I guess my question is: Is a fan of a particular author more likely than a random person to resemble one of the main characters written by that author? Do you strongly resemble the main characters of your favorite authors? I can see how a fan might be more likely to mentally resemble an author (and to a lesser degree a main character) whose personality was strongly incorporated into their writing style, but as Virginia Woolf famously noted, Austen’s style is virtually free of obvious personal influences.

    My Poison Ivy analogy above is poor. Hmm… let’s say I fell in love with Cleopatra as played by Elizabeth Taylor. “Where oh where can I find a woman so beautiful, proud, passionate, and noble,” I pine every waking moment. One day, I hear about the opening of a new Shakespeare theme park. “Aha! If I go there, I’ll be sure to find my real life Cleo!”

    What kind of logic is that? Why would a proud, powerful, beautiful woman be likely to hang out at a Shakespeare theme park? Similarly, why would a man possessing whatever qualities this character finds attractive in Firth’s Darcy be likely to hang out at an Austen theme park? Mr. Darcy, as written, doesn’t seem to be the type to go in for drawing room romantic comedies.

    It might just be an inaccurate summary. I’ll go scrounge around for a plot summary of the novel to make sure I’m not over thinking something that’s turns out to be a typo.

  • amanohyo

    After reading a synopsis, I realize the “theme park” is more Fantasy Island/Role Playing Camp/Fanfic Holodeck than Disneyworld. So… she’s hoping to meet a man who wants to pretend to be Mr. Darcy I guess? This is making my head hurt – I’ll stop thinking about it until MA valiantly performs her duty as the canary in this chick lit coal mine. The fact that Stephanie Meyer loves the book is not encouraging.

  • Matt Clayton

    To her credit, Stephanie Meyer had no hand in writing Austenland. She loved the book and thought it would make a good movie, so she got things rolling.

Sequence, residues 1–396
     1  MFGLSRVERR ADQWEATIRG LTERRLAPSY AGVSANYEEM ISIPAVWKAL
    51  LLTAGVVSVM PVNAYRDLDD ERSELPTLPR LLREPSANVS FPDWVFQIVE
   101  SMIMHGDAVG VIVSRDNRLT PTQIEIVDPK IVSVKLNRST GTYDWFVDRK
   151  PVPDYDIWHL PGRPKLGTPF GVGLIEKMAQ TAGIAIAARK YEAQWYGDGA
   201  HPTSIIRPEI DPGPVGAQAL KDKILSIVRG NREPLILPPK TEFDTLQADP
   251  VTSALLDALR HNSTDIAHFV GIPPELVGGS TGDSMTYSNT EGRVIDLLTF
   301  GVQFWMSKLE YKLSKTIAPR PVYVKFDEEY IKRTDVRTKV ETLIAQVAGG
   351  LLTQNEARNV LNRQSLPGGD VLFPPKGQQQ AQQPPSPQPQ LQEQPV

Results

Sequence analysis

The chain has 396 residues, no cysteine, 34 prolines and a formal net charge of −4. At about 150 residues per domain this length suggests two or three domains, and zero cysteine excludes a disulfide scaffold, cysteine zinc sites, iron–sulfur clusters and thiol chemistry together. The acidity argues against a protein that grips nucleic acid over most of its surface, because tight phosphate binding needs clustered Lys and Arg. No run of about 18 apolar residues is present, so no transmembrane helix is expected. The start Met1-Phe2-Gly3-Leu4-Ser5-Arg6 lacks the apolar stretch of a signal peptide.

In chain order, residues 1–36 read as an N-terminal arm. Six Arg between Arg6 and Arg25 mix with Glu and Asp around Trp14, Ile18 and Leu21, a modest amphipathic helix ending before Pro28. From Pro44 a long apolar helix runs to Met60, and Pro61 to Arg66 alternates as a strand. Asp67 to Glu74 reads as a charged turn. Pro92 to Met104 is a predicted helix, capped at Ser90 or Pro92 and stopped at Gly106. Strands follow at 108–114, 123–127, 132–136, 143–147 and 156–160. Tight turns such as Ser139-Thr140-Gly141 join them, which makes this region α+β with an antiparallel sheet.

• Lydia

    I suppose while the women in their lives are out seeing this movie, all the men will have to stay home and drink Dr. Pepper 10.

  • amanohyo

    Googled it – a manly diet soda? How is diet soda in any way more manly than water from the tap? Thanks to chemical runoff, some tapwater will literally grow hair on your chest (maybe even some tumors in your large intestine). Also if you’re near an old-school fracking operation, it’s flammable – there’s nothing more manly than drinking something on fire (yes, I know the first government study showed no contamination – grant me some artistic license here). At the very least, tap water has the Chalktastic Chlorinated flavor than real men crave, and it’s cheap as free to boot. They should put tap water in tin cans with big rivets and call it Tapout Regeneratorade, or maybe seal shots of concentrated sulfuric acid in pyrex bulbs and call it H3O Extreme – real men crush pyrex with their teeth, then slowly and painfully dissolve their internal organs until death!*

    *death not guaranteed

  • Isabelle May

    I think he meant sex in the “what goes on in your pants” way, not the “fun times” way.

  • Jamie

    I think most of us have a pretty good idea of where Mrs. Meyer is coming from, and it’s not a place I’d like to visit. Ever.